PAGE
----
So, Ocaml does not support Unicode out of the box. The “string” type is an 8 bit byte and that’s that. Some find this to be a major failing of the language in general and it is a pain in the ass. However, there is a unicode library for ocaml Camomile which fills the gap.
In the project that I have been working on, I had to read in a Unicode file into Ocaml and create a “seen” hash. Just as you would do in perl normally. However, because Ocaml doesn’t support Unicode natively, you cannot use the generic Hashtable type “(‘a, ‘b) t”, which stands for an arbitrary type for a key (the first ‘a) and an arbitrary type for the value (the second ‘b). The key value types will be filled in by type inference as you use the Hashtable based on what you do with it. This won’t work because the generic Hashtable depends on an equal function that will not conform to the Unicode standard compare.
All is not lost, however! This is where one of the most powerful features of Ocaml comes into its own: the functor. Modules in Ocaml can be parametrized in such a way as the user can redefine a module to meet his/her needs. For Hashtables one can parametrize the Hash on the key value. For instance:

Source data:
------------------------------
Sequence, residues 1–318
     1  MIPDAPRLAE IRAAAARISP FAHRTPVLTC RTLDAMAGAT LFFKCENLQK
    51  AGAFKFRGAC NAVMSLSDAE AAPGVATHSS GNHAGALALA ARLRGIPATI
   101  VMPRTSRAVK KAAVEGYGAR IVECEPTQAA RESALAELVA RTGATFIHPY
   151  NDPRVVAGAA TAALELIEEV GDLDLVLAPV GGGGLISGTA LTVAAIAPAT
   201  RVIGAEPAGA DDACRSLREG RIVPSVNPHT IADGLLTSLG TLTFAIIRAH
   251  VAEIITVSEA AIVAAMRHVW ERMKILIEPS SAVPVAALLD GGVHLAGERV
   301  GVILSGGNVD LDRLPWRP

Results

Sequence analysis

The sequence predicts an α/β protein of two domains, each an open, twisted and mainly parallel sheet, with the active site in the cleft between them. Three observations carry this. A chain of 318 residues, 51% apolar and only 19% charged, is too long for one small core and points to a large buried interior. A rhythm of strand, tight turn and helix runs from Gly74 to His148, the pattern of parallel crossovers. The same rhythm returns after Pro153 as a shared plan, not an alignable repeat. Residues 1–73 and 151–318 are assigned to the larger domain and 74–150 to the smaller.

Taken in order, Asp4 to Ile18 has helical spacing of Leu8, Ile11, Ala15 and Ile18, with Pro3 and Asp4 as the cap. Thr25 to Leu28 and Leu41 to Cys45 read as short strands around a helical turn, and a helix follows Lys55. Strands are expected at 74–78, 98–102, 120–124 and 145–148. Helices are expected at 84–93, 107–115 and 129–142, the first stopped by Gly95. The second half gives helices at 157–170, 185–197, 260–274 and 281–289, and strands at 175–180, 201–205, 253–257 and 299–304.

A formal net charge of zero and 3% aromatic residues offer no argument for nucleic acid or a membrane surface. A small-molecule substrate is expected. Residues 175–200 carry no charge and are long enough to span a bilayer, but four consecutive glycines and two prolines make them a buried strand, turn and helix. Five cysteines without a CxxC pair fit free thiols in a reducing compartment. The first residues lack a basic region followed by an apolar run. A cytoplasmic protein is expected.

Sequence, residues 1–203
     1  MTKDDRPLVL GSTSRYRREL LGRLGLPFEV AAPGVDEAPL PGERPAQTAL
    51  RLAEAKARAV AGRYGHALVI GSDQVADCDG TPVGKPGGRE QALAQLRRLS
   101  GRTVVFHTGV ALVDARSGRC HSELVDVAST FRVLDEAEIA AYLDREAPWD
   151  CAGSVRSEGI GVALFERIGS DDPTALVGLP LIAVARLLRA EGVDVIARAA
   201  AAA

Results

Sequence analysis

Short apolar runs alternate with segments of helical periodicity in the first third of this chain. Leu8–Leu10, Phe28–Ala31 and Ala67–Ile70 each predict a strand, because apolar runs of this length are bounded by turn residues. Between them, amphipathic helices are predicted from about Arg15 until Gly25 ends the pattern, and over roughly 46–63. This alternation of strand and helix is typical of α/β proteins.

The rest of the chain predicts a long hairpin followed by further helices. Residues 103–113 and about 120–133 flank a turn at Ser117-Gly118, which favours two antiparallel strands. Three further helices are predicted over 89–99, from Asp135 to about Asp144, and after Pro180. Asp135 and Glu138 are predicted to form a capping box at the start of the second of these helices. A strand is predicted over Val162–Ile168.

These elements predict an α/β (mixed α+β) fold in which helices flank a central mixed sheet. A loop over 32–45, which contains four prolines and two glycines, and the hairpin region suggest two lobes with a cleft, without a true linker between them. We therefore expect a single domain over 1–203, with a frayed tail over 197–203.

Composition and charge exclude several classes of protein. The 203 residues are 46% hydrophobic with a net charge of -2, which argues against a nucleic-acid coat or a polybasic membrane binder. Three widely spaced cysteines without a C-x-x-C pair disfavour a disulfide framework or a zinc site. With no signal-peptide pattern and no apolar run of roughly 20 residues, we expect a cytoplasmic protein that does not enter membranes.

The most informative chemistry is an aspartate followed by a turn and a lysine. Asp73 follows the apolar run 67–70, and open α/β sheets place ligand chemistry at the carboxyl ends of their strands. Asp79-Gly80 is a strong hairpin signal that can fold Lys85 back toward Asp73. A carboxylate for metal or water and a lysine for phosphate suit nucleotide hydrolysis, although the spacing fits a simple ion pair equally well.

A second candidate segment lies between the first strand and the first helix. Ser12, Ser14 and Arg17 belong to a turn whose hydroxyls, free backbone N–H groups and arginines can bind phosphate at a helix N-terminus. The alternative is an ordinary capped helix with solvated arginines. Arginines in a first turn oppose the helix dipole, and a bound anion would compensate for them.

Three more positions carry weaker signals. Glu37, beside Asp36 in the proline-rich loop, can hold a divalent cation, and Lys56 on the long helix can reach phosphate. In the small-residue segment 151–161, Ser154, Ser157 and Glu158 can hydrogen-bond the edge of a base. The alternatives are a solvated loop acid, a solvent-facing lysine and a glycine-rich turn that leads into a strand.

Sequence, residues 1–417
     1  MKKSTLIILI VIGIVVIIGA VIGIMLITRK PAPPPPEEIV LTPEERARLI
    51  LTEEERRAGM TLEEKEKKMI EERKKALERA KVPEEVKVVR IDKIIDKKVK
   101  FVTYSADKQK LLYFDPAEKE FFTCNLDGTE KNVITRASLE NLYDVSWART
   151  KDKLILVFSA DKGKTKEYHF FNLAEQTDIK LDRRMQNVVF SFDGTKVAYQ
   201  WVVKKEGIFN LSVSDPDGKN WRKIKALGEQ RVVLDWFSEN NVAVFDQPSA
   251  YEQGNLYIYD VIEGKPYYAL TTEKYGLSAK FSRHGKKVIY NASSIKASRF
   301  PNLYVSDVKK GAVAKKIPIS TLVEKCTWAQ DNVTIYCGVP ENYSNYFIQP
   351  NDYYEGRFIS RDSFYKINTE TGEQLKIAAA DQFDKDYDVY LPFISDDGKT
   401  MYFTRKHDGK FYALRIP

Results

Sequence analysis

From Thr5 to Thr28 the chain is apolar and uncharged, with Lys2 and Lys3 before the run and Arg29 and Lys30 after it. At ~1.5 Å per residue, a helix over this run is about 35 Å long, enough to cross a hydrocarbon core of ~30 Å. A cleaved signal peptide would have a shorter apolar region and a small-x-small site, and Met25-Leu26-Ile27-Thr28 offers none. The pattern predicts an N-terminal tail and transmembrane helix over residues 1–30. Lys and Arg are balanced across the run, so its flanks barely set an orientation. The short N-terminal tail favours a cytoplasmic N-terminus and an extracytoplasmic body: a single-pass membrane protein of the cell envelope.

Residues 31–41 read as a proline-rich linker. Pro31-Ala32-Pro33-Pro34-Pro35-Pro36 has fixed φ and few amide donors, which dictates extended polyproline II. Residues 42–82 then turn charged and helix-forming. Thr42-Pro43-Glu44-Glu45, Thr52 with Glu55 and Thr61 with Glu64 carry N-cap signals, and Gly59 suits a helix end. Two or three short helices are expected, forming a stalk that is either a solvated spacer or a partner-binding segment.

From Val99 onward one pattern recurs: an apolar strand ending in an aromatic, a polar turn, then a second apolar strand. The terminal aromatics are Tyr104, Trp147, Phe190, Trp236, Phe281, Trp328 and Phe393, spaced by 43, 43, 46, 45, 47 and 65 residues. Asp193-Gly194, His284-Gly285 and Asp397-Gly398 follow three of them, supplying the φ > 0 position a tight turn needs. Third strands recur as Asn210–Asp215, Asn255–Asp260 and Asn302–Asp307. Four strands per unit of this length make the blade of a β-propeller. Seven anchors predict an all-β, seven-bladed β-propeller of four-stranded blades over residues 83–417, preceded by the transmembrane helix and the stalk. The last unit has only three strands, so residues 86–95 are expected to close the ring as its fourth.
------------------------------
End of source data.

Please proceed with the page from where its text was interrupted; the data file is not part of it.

module UTF8Hash = Hashtbl.Make( struct type t = Camomile.UTF8.t let equal a b = if (Camomile.UTF8.compare a b) = 0 then true else false let hash = Hashtbl.hash end )
Using the Hashtable Make functor, I set the key type to UTF8 then set the equal function to something that makes sense for UTF8 strings. In the end, I left the hash function itself alone as I thought it would probably do the right thing and I didn’t want to get into it so I just defined it as itself.
Doing this creates a Hashtable type of ‘a UTF8Hash.t. The ‘a is now the type of the value as you already know the type of the key for the hash. In addition, doing this, you can create a hashtable that has an arbitrarily complex key type. As long as you can write an equals function, you should be fine.